What countries across Africa are experiencing is nothing unusual in this age of Anthropocene. Then why does the continent bear the insurmountable loss and damage? Munich-based reinsurance company Munich Re offers an explanation. While climate change is a global problem, its impacts are unevenly distributed, with poor and developing countries bearing the maximum brunt. The impact of natural disasters is much greater on developing countries—currently 13 per cent of their GDP—than on rich nations, where it is 2 per cent, according to Munich Re. There is also a disparity among different parts of the developing world. While Asia is highly exposed to natural disasters, Africa is most vulnerable to its impacts. According to the Natural Hazards Vulnerability Index by risk analysis and research company Verisk Maplecroft, nine of 10 countries found most vulnerable on the index are in Sub-Saharan Africa.

Analysis by Down To Earth shows that climate change impacts are more pronounced in Africa because of a few reasons. One, agriculture is largely rain-fed and underdeveloped; two, 90 per cent of the farms are small yet contribute to 80 per cent of the total food production; and three, a majority of the farmers have few financial resources, limited access to infrastructure and extremely limited access to weather and technological information.

Source: Impact of climate change on African agriculture by CGIAR published in 2015

According to the UN Food and Agricultural Organization (FAO), in developing countries the agriculture sector, including crops, livestock, fisheries and forestry, absorbs 22 per cent of the economic impact caused by natural disasters. But in Africa, the sector only adds to the impact. Africa’s crop and livestock losses caused by natural disasters in 2003-13 were US $26 billion. Kulthoum Omari, Coordinator, Adaptation of African Agriculture (AAA), a 27-nation coalition, cites the enormity of the problem: “About 80 per cent of people in Africa depend on agriculture for their livelihood and sustenance. Therefore, boosting agricultural activities will have a positive impact on local and national economies in Africa. However, this is being hampered by the impacts of climate change.”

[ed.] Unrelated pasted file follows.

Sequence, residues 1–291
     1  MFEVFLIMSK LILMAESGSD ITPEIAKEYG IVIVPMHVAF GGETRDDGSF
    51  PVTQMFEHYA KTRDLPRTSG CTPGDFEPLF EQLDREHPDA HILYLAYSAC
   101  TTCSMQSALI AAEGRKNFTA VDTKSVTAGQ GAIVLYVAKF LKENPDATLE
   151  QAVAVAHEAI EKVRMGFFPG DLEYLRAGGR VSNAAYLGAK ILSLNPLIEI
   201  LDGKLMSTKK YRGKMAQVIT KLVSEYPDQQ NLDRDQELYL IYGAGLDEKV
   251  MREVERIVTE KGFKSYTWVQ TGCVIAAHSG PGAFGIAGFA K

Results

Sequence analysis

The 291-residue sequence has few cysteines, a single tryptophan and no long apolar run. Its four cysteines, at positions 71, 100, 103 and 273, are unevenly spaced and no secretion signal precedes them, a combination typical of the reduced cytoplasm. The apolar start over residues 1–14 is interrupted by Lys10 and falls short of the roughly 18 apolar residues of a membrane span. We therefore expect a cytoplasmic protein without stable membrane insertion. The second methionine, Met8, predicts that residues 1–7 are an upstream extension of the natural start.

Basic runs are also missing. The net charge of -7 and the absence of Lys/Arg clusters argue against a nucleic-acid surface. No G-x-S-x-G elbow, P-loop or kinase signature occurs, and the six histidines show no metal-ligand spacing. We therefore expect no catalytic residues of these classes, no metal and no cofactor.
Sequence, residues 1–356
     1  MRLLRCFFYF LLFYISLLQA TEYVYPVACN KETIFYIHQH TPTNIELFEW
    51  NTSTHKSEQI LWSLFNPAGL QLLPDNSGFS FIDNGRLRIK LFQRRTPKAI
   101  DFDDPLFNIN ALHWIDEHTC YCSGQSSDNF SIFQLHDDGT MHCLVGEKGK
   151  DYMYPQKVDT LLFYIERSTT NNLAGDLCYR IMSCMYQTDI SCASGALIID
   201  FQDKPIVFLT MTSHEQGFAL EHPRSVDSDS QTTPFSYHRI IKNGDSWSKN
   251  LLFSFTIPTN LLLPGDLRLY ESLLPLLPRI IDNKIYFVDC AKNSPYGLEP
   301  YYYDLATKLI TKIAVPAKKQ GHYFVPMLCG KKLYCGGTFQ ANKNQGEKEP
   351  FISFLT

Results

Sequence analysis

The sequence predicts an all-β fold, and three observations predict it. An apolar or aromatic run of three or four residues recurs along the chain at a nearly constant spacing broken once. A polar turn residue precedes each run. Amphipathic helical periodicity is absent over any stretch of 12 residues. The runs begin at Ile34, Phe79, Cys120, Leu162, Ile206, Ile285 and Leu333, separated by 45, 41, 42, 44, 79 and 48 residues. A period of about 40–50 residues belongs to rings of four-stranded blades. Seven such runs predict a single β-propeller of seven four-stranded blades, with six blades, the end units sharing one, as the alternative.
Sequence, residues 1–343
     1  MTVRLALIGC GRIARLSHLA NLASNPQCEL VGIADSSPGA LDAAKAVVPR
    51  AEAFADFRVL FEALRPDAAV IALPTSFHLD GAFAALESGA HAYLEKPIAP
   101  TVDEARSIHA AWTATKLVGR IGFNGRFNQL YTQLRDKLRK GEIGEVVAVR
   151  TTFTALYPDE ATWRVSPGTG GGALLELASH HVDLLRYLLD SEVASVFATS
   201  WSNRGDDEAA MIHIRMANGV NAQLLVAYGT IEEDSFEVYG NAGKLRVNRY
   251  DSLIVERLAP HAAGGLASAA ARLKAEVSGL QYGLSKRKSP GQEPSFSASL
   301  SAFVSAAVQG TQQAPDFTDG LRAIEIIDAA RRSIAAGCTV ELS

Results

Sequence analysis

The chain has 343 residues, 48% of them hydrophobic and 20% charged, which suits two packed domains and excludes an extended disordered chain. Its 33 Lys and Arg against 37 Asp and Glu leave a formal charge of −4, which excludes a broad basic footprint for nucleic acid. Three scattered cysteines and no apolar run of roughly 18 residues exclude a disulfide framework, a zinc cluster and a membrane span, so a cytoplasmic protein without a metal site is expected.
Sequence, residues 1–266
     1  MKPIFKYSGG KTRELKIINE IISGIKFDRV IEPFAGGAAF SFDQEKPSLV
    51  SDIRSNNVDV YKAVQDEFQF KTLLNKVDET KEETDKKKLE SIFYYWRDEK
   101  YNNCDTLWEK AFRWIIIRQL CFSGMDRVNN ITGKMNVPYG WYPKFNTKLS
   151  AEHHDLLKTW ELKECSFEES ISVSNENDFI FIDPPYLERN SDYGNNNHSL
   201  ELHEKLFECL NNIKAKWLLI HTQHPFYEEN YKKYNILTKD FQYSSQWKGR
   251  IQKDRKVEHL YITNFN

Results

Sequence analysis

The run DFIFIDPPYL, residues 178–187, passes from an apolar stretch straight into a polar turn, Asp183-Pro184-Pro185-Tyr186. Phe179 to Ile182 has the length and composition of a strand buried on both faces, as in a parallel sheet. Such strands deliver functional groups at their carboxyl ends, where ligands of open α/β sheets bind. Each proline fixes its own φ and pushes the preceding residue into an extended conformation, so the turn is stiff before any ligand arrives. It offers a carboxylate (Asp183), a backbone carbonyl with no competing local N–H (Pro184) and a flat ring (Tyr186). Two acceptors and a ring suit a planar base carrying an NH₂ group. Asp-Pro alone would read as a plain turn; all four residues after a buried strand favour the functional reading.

The latest IPCC report also states that climate change is worsening the already deplorable state of agricultural systems in Africa. The white paper on the initiative for the Adaptation of African Agriculture (AAA) to climate change, presented at the Marrakech UN Climate Change Conference in 2016, says the continent has 500 million hectares of severely degraded land—this accounts for 27 per cent of the world’s total degraded soils. The paper cites water erosion, chemical degradation and soil compaction as the prime reasons for land degradation. Further, about 66 per cent of African lands are located in arid or semi-arid areas, and suffer from water shortages. Due to uneven distrib ution of water resources, around 25 per cent of the population faces water scarcity, especially in North Africa and the Sudano-Sahelian region, and only 2 per cent of arable land is irrigated in Africa against 42 per cent in Asia, highlights the white paper.